The biggest misconception people have regarding DUI charges is that some people think that they are definitely going to jail and that is unusual for a first offense. Instead, what you are going to face are fines and collateral consequences that are going to hurt your future if you receive a conviction. Very few people are actually going to go to jail on a first DUI. I try to get that out of my client’s mind at first, because that can make some people panic. Additionally, a lot of people think that if they blew a certain number on the breathalyzer test, then they should not even bother challenging the charge and that is also not true.
I have certainly represented people receive reduced charges or even people who were acquitted when they had a relatively high number on that breathalyzer test. There are so many different ways to challenge that test. I have had a few people, particularly women, who have been on prescribed substances and the state’s case was based on their impairment on these prescribed substances.
A lot of people think, “I was prescribed the medicine. That means I cannot be charged with DUI.”
However, that is not true. If your ability to drive is materially and appreciably impaired by a prescription medication, then that is still a DUI. Some people do not realize this and they freely tell the officers all of the medications they are taking and then there is probable cause for an arrest.
How Do You Advise Clients That Want To Plead Guilty To DUI Charges?
I tell clients who want to plead guilty to a DUI charge not to do so. I say whatever you do, do not plead guilty. I sit there in Court and helplessly watch unrepresented people plead guilty all the time and what they do not realize is that with a conviction, in addition to the fines and the license suspension, their earning potential is decreased greatly. Many employers will not hire anyone who has a DUI conviction. A lot of graduate schools and colleges won’t accept potential students who have DUIs. I have seen people have trouble getting into the military as well. I spoke to a man who worked for a state agency for ten years and was fired because he had a DUI. There is really no reason to just go and plead guilty just to get it over with.
Any DUI lawyer who actually knows about DUIs (not just any criminal lawyer) is going to be able to get that charge reduced no matter how bad you think it is. At a minimum, they are going to be able to get the charge reduced so that the consequences are not as bad. There are a lot of occupations that could penalize you for having a DUI. Lawyers can get in trouble for having a DUI as well as most healthcare professionals and anyone who has an occupational license of some sort. There are enormous future costs people are not thinking about when they are just trying to save a few bucks and plead guilty.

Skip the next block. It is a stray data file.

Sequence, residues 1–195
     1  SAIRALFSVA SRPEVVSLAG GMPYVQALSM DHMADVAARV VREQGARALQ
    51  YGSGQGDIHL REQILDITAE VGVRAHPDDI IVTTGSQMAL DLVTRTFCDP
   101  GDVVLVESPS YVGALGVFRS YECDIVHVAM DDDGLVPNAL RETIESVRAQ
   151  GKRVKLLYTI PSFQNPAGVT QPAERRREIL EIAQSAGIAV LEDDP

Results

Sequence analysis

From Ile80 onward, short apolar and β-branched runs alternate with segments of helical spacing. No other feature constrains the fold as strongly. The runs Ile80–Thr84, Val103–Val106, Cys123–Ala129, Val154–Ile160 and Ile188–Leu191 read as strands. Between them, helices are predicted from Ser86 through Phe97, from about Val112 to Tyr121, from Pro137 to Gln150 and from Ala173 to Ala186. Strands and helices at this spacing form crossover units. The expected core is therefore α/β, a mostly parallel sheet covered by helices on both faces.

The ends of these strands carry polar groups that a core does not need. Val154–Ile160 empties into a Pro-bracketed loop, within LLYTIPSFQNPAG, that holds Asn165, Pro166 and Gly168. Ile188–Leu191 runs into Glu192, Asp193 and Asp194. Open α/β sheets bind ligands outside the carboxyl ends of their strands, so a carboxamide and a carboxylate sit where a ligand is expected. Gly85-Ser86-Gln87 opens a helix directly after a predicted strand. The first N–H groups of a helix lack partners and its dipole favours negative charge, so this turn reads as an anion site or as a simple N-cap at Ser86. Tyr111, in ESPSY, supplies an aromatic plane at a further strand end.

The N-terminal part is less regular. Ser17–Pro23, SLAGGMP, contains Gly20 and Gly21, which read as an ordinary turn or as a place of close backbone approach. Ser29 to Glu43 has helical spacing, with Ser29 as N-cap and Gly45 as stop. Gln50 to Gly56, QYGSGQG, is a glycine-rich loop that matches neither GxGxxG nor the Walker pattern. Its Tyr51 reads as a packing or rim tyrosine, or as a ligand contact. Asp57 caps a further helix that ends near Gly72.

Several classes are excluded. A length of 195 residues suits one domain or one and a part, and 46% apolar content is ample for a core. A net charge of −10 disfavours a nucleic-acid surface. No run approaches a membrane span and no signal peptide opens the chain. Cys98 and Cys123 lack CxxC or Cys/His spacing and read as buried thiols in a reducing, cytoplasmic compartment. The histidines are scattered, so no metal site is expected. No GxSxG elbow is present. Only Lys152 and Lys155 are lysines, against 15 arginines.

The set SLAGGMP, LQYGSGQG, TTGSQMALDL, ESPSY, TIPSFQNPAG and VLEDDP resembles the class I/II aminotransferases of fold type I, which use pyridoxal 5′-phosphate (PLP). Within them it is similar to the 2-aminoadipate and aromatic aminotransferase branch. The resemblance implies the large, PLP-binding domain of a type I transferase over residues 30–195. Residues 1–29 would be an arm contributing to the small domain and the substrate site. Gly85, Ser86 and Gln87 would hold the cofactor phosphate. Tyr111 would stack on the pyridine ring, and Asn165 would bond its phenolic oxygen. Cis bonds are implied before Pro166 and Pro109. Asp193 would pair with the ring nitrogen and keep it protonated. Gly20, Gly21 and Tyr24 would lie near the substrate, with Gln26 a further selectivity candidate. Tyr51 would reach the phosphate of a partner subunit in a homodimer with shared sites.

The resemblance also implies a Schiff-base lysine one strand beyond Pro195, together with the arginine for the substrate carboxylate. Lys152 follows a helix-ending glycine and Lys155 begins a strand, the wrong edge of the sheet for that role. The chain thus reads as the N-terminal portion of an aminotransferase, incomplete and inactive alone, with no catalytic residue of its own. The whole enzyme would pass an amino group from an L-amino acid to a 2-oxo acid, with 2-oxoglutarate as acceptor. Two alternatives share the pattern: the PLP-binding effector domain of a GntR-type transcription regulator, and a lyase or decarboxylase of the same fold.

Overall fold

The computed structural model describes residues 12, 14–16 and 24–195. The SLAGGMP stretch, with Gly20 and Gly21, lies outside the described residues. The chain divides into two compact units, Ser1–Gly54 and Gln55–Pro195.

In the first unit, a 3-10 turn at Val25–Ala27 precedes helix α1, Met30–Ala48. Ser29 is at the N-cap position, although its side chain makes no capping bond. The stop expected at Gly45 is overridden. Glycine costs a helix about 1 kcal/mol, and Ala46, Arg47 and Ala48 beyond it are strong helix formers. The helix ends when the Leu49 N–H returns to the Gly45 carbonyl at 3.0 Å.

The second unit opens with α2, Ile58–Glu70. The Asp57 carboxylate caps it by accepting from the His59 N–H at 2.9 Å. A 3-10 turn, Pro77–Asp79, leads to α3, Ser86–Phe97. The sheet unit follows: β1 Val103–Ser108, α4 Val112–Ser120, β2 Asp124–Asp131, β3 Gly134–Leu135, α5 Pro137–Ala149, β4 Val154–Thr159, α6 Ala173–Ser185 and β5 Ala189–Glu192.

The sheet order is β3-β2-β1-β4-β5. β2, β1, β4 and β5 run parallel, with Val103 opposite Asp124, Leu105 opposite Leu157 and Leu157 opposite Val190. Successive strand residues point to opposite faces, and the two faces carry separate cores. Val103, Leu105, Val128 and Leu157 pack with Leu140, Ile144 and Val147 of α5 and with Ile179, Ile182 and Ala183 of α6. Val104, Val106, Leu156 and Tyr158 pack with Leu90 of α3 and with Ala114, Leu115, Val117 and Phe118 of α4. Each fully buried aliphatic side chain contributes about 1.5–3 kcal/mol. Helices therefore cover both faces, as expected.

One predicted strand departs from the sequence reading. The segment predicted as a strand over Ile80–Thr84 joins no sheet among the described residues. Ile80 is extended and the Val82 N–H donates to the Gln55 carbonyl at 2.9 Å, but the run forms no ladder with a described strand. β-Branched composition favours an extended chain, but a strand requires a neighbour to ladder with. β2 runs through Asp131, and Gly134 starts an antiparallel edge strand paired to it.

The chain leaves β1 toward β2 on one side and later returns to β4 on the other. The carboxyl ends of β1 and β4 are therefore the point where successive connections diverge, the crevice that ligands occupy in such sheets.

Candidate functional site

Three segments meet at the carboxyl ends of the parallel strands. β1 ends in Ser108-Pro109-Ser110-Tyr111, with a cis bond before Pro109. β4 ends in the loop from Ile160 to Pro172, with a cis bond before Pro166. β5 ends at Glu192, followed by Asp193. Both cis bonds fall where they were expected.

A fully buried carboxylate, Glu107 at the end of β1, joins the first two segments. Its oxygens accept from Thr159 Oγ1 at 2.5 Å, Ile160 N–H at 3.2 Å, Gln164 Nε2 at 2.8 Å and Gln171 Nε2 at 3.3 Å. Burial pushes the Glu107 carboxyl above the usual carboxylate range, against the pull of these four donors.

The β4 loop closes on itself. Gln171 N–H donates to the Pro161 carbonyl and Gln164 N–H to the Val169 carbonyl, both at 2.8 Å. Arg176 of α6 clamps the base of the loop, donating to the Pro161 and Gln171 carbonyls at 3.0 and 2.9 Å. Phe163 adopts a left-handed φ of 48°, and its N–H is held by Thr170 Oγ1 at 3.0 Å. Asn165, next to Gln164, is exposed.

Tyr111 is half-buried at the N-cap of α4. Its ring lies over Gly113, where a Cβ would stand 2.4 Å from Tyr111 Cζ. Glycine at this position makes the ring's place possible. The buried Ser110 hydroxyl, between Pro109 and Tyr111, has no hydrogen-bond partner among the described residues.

What Are The Driver’s License Consequences Associated With DUI Charges?
If you are arrested for a DUI, take the breathalyzer test and the result is under 0.15%, then you do not lose your license. You can continue to drive as normal. South Carolina also has a statute that says your insurance company cannot penalize you for just being charged with a DUI. Therefore, at that point, you are in the same position you were in before. If you blow a 0.15% or higher or if you refuse to blow, then the officer most likely will take your license at that time. You then have a very short period of time, thirty days to be exact, to file an appeal and to get your license back. However, it is a temporary license and usually you receive it within a week.
This is why I tell people they need to come see a lawyer immediately. Good DUI Lawyers know how to get that temporary license back faster so that you will be able to drive. Often we get the suspension rescinded. The license suspension for refusing to blow or blowing over .15 or over is a separate administrative action brought by the Department of Motor Vehicles. That is separate from the criminal DUI case. However, because the same parties are involved, we often negotiate a resolution of both cases simultaneously
There is no reason in the world that somebody should not appeal that administrative decision. If they do not appeal it, they are going to end up having to go into the alcohol program (ADSAP) and from what most people tell me, it is a waste of time and money.
If your license is suspended because of a DUI conviction, there are various ways that you can still be able to drive. There is the interlock ignition device that can be an option. You are not required to do it on a DUI first offense. However, you can have the device placed in your car so that you can drive in lieu of being suspended. It is extremely costly and you have to pay the device company but if you need to be able to drive, that is a possibility.
Therefore, there are ways that people can drive with the first DUI conviction, though it does get more complicated with subsequent offenses
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